TNA PROB PROB 11/150/213
Leaves soul to God, and body to be decently buried at the discretion of his executor.
To poor of Ash and Stansted - 20 shillings each.
To son Henry Stacey - a silver and gilt salt [cellar] with his initials HS, a signet with HS enqraved in silver at the end.
To son John Stacey - a silver beaker, a down bed, a bolster, one green coverlet, one blanket and the "worst suite of my green saye curtains". He also forgives the £80 5s that John owes him (including 40 shillings he owes John for rye). Provided John keeps the covenants in an indenture made between Henry and [....] Hudson for a certain house in Gravesend, now in the tenure of John. Also on condition he pays John's sister Alice Potkyn of Maidstone widow, the £20 Henry owes from an obligation.
To daughter Ellen Pigotte and her six children now living - 35 shillings to be shared equally, that is to each one a piece of gold worth 5 shillings.
To daughter Frances Stacey - £30 which is in the hands of Thomas Haddocke and John Wouldham. And the £10 that his son Henry owes him.
To granddaughter Mary Davys - one plain silver spoon.
To granddaughter Jane Symons - one plain silver spoon.
To grandchildren Mary Lockyn and Dorothy Lockyn - £20 each after the death of Dorothy Lockyn their mother. If either die before then, then the money to be shared amongst all Dorothy's other children. Mary Lockyn also to get one gold ring.
All other personal estate to son Thomas Lockyn, whom he makes his executor. Sons Henry and John to be overseers.
Dated 7 September 1626. Witnesses: George Clarke, Alexander Chauncey
Proved at London, 3 November 1626 by Thomas Lockyn the executor.
TNA PROB 11/284/291
Will of John Stacy the elder of Hartley, gentleman "being at this present in reasonable good health of body and of sound and sufficiently disposing mind and memory (blessed be God), yet being sensible of my mortality, and my daily drawing towards the grave by reason of age, I do make and ordain this my last will and testament."
Leaves soul to God, and body to be buried at the discretion of the executors.
To wife - annuity of £40 issuing out of lands at Hartley, and dwelling house in Gravesend "wherein I lately dwelt". To be paid her by his son Henry in installments at the quarter days. But if she lay claim to half his lands during her widowhood, according to the custom of Kent, then gift is void.
Household stuff that his wife brought to him on marriage, is left to her, remainder to be divided among his children equally. Wife to lose bequest if she conceal any goods not rightfully hers.
To eldest son John Stacy - all his lands in Gravesend which he purchased off the Rt Hon James, Duke of Richmond. If wife claims land as dower then he to have £300 for his trouble.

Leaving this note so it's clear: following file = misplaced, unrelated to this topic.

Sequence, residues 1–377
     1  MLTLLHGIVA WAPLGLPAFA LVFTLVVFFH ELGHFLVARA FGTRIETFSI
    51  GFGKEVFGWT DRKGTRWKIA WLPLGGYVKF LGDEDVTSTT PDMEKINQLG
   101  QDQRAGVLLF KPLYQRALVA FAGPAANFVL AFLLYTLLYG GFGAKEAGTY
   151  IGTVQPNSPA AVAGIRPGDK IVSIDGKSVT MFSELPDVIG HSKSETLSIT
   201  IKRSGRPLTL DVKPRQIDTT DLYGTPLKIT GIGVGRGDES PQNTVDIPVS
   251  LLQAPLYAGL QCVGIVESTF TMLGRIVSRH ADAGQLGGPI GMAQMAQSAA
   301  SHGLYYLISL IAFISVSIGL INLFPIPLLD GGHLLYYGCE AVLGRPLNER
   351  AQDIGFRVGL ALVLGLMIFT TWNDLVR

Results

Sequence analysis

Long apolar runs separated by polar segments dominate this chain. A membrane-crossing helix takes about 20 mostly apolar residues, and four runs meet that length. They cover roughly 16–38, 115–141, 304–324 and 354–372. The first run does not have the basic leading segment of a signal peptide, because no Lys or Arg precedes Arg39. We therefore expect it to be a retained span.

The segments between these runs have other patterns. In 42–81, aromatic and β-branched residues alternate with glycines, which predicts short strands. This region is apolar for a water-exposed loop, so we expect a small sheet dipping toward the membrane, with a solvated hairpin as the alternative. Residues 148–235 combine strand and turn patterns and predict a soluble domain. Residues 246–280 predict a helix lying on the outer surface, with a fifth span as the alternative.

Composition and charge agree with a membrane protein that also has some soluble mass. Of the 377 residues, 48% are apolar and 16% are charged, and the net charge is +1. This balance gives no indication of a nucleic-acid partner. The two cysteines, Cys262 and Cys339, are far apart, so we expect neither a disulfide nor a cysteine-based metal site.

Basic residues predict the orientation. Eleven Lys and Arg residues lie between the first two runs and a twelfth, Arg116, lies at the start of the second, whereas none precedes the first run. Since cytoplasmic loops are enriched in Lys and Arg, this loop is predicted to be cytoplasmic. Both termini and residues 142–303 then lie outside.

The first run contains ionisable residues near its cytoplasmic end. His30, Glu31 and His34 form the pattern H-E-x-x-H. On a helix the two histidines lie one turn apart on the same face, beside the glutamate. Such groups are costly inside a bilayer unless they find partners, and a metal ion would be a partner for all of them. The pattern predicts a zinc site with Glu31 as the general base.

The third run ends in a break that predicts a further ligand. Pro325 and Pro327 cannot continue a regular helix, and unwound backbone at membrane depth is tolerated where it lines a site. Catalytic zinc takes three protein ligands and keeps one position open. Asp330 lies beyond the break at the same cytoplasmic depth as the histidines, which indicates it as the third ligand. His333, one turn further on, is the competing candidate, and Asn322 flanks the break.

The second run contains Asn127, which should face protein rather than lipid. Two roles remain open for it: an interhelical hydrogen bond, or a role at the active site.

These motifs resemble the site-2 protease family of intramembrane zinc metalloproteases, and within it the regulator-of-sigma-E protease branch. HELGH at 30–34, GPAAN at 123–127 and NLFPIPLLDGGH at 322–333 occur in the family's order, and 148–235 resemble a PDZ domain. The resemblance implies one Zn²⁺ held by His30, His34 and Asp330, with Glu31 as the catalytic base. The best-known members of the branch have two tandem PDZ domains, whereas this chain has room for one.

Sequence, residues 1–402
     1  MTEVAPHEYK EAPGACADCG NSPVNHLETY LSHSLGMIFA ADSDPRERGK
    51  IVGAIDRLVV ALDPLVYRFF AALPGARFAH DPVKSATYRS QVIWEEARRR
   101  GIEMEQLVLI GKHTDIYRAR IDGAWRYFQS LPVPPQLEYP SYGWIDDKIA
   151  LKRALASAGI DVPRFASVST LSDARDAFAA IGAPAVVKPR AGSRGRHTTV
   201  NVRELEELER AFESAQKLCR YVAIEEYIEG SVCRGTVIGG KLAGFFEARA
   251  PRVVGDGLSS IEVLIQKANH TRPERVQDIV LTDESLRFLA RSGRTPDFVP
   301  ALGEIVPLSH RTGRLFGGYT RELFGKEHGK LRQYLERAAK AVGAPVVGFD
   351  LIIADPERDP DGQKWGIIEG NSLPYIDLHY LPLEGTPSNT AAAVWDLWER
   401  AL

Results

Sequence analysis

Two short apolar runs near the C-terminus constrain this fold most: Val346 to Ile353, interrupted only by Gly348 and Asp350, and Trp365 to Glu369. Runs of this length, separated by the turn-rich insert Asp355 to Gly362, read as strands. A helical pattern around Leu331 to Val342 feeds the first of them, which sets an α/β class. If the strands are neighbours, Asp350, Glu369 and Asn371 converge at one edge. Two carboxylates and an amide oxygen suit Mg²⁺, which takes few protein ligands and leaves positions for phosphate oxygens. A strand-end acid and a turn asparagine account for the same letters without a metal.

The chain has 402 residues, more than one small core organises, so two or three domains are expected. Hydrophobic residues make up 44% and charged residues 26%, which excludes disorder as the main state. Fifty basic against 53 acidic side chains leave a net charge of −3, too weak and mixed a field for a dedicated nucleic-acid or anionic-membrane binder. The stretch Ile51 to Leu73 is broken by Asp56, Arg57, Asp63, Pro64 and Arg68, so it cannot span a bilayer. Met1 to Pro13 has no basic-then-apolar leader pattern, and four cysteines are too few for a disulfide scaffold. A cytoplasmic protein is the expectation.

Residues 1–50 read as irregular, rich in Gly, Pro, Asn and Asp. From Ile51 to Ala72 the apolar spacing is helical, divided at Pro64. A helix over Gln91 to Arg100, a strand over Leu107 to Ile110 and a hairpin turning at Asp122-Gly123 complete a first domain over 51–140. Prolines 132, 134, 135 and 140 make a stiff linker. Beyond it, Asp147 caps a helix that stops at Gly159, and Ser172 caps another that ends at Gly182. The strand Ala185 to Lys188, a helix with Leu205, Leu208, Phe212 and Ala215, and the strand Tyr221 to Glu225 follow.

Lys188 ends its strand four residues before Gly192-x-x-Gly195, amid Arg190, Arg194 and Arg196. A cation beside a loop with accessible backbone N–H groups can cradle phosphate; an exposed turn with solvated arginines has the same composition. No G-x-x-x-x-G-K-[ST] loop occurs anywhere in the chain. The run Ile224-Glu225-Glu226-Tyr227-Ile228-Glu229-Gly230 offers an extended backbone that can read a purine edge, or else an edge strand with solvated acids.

To youngest son Henry Stacy - "all my lands and tenements in Hartley", his dwelling house in Gravesend; one messuage called the "Flying Horse" and wharf belonging, in the occupation of Robert Cole; one other tenement called the "Faulkon" and the wharf; with all the cross ferry from Gravesend and Milton to Tilbury, which he purchased of John Ware; cherry garden and 5 acres of marshland in Swanscombe. Subject to annuity, which if his wife accepts, he also gives Henry £500 in consideration thereof.
To daughter Winifred Elton - £300, but her husband to agree that he will return £200 if she dies without lawfully begotten issue. If he refuses, then her bequest is £100, plus £200 if she outlives her husband.
To daughter Jane Stacy - messuage, malthouse and lands in Northfleet for life. Plus £100 and the inheritance of the Northfleet land, if she marry "with the approving and good liking of my overseers". If she die without issue then Northfleet land to go to Henry Stacy.
To sister Dorothy Larking - annuity of £5, payable equally every quarter.
To Richard and Abraham Davys, his wife's sons - £50 each when 22 provided they give his executors a discharge of the £100 each he paid them in accordance with the will of Mr Roulston, his wife's former husband.
To poor of the parishes of Stansted, Ash, Gravesend and Hartley - 40s each to be disbursed by the ministers of the parishes as they think fit.
To minister who preaches his funeral sermon - 20s.
Sons John and Henry to be executors. "Loving friends" Mr Peckham of Ash and Mr Eves of Hartley to be his overseers and guardians of his son Henry while under age. To whom he gives 40s a piece to buy a ring in memory of him
Dated 10.7.1658 Witnesses: Henry Piggott, Nicholas Piggott
Proved at London, 22 November 1658 by John Stacy one of the executors.